As a matter of fact, the earlier protests of the Young Doctors Association, when they were at their severest, created a triple conflict of Doctors v Punjab Government v the People. All three were working against each other and probably the greatest advantage of that went to the Punjab government which apparently had no issues with fighting either of the opponents, given their seriousness towards healthcare issues.

There is another reason why there are not enough protests in Punjab, and even anywhere in Pakistan, because healthcare is not an issue of priority for the people. People simply do not assign enough importance to it. I hardly remember anyone staging a serious protest due to the lack of healthcare facilities in my lifetime at least.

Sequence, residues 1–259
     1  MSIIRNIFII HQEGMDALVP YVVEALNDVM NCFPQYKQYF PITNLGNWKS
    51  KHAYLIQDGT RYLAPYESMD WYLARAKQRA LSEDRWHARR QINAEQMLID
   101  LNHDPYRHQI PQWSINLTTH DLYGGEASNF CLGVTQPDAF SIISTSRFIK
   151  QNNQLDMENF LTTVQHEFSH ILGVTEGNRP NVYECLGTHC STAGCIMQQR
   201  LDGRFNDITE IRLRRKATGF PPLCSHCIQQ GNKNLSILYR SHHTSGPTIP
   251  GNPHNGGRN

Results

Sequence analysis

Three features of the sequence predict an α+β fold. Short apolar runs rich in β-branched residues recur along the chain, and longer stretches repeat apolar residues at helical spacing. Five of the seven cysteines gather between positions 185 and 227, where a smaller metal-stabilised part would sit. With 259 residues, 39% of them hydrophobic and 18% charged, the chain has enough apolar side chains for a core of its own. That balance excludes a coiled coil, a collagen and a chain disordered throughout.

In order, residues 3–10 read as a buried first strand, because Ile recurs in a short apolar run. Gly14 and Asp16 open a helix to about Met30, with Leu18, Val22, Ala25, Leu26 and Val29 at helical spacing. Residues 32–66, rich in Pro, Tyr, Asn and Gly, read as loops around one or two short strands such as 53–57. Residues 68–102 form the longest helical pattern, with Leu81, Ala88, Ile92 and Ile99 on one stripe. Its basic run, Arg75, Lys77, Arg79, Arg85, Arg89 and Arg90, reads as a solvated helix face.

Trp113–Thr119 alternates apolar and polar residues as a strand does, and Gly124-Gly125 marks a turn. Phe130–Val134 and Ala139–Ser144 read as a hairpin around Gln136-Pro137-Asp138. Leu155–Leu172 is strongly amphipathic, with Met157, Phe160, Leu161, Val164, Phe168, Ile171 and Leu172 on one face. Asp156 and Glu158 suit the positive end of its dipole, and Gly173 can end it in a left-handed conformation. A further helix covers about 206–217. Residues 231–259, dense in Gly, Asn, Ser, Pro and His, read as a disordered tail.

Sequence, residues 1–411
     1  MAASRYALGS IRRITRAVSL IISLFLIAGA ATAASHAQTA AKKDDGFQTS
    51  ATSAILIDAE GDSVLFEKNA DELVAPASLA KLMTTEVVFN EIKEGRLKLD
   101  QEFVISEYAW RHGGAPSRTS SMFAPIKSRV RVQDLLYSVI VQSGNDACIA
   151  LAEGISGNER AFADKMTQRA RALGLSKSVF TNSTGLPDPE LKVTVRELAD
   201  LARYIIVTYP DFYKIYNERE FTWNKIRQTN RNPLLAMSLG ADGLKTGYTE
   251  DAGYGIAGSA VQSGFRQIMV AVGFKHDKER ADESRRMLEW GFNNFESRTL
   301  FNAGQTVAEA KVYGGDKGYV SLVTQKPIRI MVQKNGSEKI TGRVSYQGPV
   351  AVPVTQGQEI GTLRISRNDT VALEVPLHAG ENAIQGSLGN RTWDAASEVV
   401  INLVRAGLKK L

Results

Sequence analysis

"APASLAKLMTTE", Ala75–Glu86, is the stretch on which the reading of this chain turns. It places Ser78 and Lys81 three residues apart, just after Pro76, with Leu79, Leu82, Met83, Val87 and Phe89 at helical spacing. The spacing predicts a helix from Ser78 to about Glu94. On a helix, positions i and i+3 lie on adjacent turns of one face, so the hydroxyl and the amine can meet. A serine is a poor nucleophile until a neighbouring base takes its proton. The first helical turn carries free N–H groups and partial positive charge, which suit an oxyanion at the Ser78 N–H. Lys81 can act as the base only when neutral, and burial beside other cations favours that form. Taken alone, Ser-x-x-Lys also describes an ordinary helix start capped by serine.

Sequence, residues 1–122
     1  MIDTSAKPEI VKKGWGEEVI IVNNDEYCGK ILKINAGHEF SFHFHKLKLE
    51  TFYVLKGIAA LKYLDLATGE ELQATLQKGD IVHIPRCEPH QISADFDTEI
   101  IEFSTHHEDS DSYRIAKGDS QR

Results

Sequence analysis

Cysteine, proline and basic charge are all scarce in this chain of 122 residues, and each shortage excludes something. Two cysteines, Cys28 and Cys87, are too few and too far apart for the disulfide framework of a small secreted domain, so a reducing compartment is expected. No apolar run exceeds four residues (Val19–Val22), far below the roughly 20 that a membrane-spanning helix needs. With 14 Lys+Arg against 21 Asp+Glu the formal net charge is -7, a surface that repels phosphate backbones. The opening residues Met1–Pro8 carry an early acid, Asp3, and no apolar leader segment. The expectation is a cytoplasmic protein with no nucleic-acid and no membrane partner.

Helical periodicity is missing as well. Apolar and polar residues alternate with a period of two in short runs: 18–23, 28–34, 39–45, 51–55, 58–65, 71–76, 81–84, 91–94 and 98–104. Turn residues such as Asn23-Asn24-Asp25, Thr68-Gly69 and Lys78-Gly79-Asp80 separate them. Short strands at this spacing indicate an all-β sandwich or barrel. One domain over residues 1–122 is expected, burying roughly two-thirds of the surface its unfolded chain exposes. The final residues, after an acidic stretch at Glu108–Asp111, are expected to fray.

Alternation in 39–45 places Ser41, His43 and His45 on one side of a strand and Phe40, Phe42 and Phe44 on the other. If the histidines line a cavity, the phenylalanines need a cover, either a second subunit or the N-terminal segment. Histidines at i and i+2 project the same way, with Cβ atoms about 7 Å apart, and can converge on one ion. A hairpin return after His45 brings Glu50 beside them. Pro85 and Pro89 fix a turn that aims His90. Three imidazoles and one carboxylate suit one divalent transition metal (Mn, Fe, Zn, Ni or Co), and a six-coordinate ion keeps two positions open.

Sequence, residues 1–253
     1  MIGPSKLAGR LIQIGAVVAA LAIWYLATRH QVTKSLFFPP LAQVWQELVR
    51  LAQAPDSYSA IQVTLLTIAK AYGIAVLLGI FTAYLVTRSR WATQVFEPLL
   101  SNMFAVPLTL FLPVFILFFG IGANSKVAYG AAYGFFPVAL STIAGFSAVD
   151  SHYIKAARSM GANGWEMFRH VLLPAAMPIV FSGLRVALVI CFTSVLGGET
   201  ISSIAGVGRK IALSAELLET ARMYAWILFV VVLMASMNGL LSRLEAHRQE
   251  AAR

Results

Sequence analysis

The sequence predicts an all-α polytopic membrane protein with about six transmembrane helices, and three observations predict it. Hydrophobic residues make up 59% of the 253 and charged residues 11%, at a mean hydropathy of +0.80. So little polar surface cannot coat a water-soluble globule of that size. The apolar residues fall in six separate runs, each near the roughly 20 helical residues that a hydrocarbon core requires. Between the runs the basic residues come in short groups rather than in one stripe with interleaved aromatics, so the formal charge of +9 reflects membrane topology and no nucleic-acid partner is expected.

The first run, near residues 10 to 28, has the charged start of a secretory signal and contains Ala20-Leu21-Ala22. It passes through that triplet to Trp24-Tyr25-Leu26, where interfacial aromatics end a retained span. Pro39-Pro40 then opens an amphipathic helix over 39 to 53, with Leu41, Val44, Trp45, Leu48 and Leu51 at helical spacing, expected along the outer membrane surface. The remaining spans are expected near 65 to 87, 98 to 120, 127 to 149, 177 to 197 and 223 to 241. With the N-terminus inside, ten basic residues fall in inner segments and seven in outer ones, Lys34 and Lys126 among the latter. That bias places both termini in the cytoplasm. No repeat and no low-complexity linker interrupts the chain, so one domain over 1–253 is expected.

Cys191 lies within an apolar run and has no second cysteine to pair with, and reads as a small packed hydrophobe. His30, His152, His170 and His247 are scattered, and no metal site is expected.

Our political parties spend billions of rupees on reconstructing roads and fly-over bridges to satisfy voters, when they should actually be spending a good amount of that money on hospitals and better facilities. Furthermore, there is really no one to lead the people to the cause of better healthcare, probably because it does not involve any special benefits.

Another positive about the latest protest campaigns is that its objective is better health facilities in general hospitals, offering the public an incentive to back it. Because I believe the objective should be to turn the equation from Doctors v People v Punjab Government to Doctors and People v Punjab Government. That should be the aim of any such campaigns.

People are selfish, you see. They are more concerned about their own convenience than any doctor’s salary. Since the public generally consider doctors profiteers any way. I am not implying that it is a fact, but that’s how the poor public sees just about any business they deal with.

Imagine what can be accomplished if the people stand with the doctors for demanding better healthcare facilities. It will certainly force the government to take some action.

But it’s how you do it that matters.